“Ninth Exception. – It is not defamation to make an imputation on the character of another provided that the imputation be made in good faith for the protection of the interests of the person making it, or of any other person, or for the public good.” Now in the present case, there is no doubt that the present respondent No. 1 had filed a criminal case against the present appellant alleging that she had committed an offence of cheating and also of theft. Therefore, the accusation definitely was made to a lawful authority and the Court was the lawful authority over the present appellant in respect of the subject matter of accusation. But to avail of the protection of Exception Eight, the accusation must be made in good faith. Similarly, even to get the benefit of Ninth Exception, the imputation in respect of a character must be made for protection of the interests of the person making it and it must also be made in good faith. Now in a criminal case filed by the present respondent No. 1, one can definitely say that the respondent No. 1 had made imputations to protect his interest as according to him, he was cheated by the present appellant in the matter of marriage. But even for getting the benefit of the said Exception, the imputation has to be made in good faith. In the absence of good faith, the protection provided under the said two Exceptions would be available. It would also be necessary to consider the provisions of S. 105 of the Evidence Act which provides that –
“When a person is accused of any offence, the burden of proving the existence of circumstances bringing the case within any of the General Exceptions in the Indian Penal Code, or within any special exception or proviso contained in any other part of the same Code, or in any law defining the offence, is upon him, and the Court shall presume the absence of such circumstances.”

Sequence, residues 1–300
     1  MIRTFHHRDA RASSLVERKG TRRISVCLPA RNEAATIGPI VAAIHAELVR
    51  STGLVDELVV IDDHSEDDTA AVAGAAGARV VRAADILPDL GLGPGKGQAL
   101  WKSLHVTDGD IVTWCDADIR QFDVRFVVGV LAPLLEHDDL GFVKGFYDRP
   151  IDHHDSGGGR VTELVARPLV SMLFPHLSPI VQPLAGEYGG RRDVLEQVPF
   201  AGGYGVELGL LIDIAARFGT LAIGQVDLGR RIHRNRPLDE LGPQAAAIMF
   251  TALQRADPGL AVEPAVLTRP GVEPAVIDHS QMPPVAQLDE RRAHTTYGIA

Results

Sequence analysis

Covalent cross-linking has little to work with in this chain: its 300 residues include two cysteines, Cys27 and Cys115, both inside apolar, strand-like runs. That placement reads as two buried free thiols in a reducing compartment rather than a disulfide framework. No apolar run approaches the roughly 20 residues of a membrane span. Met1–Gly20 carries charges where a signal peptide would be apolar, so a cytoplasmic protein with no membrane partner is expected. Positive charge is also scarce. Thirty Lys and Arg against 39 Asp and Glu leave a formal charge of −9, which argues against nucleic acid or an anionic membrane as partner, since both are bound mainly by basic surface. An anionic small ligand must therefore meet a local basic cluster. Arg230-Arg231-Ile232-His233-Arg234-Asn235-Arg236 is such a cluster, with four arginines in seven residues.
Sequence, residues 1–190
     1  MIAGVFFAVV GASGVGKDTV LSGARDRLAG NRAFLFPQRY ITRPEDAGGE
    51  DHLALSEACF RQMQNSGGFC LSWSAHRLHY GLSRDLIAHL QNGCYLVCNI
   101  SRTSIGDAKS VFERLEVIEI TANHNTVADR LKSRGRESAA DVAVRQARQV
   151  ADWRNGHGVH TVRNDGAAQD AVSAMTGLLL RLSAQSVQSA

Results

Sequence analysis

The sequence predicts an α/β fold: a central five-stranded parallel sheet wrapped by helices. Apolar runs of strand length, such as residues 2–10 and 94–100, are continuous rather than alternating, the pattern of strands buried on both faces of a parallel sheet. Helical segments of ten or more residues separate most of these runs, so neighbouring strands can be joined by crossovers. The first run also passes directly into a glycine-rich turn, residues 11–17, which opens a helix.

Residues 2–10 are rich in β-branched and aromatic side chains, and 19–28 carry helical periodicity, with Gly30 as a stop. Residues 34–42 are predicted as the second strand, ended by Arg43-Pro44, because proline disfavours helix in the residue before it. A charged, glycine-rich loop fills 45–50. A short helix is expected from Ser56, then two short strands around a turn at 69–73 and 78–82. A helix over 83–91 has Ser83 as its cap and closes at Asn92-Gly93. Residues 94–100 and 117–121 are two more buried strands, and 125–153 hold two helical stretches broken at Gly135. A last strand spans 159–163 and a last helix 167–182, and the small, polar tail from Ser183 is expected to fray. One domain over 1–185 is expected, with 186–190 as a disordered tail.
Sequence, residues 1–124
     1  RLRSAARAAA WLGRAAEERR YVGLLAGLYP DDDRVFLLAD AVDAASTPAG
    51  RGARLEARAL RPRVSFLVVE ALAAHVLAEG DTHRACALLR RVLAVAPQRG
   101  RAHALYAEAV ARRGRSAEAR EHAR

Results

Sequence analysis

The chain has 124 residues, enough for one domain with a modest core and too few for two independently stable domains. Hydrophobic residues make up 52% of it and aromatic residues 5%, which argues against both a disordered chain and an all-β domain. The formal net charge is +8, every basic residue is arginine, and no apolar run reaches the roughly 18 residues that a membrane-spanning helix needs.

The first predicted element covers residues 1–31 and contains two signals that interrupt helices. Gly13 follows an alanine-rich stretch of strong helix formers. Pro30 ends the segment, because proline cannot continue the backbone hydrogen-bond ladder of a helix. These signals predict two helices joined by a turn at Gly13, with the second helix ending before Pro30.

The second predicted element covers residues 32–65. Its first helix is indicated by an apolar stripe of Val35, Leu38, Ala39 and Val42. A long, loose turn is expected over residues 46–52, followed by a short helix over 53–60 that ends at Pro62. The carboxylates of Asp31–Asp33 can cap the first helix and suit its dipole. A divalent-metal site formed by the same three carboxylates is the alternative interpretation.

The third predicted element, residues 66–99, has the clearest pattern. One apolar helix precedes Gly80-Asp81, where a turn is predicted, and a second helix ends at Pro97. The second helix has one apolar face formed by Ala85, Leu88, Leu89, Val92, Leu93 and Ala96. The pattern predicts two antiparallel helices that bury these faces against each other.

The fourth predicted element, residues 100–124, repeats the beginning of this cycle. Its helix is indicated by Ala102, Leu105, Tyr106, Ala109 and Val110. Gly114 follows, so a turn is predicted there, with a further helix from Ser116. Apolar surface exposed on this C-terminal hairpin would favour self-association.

7. Shri Anturkar who appears on behalf of the respondent No. 1, very fairly conceded that the position of law is clear and the burden of proving the circumstances which would entitle the benefit of Exceptions Eight and Nine of S. 499 of the Indian Penal Code is on the respondent No. 1. He however contended that in the present case in view of the decision reported in Sukhdeo v. State of Maharashtra, 1974 Mah LJ 777 : (1974 Cri LJ 1435), the present respondent No. 1 can be said to have discharged the said burden. His first contention is that in the above cited decision, Bhole, J. of this Court held that one has to consider as to whether the person making imputation has made the same in a manner which indicates that due care and attention was taken by the person making the imputation. He also tried to contend that in the present case, there is no publication and for that purpose also he relied on the same decision of this Court. Now first I will take into consideration the point of publication. In the case which is cited before me on behalf of the respondent No. 1 by Shri Anturkar, the advocate on behalf of the accused on instructions from the accused had replied to a notice and in the reply it was alleged that the complainant was not begotten from him but was born through sexual intercourse of his mother after she left him with some unknown person.